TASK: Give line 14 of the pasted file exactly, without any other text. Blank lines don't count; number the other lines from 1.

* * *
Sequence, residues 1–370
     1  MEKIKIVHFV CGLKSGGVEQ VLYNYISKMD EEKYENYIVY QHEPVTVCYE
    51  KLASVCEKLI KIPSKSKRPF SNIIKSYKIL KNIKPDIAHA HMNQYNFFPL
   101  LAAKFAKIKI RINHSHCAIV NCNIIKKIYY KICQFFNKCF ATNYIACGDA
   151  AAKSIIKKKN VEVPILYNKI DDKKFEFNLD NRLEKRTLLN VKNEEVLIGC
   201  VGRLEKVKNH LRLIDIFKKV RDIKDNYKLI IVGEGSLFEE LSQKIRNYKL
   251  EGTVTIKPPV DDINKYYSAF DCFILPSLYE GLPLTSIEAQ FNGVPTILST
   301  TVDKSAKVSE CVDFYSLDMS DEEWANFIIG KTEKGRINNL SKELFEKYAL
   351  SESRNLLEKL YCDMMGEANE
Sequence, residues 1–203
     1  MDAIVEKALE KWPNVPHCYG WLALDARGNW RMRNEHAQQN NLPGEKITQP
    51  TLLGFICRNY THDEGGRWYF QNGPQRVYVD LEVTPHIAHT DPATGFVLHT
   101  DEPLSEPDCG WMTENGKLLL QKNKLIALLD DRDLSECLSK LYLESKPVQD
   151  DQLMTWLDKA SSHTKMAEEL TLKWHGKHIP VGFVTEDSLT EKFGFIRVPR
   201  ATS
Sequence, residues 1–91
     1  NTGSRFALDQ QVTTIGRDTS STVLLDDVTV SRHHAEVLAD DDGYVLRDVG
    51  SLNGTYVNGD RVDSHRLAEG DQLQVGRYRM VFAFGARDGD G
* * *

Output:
   151  DQLMTWLDKA SSHTKMAEEL TLKWHGKHIP VGFVTEDSLT EKFGFIRVPR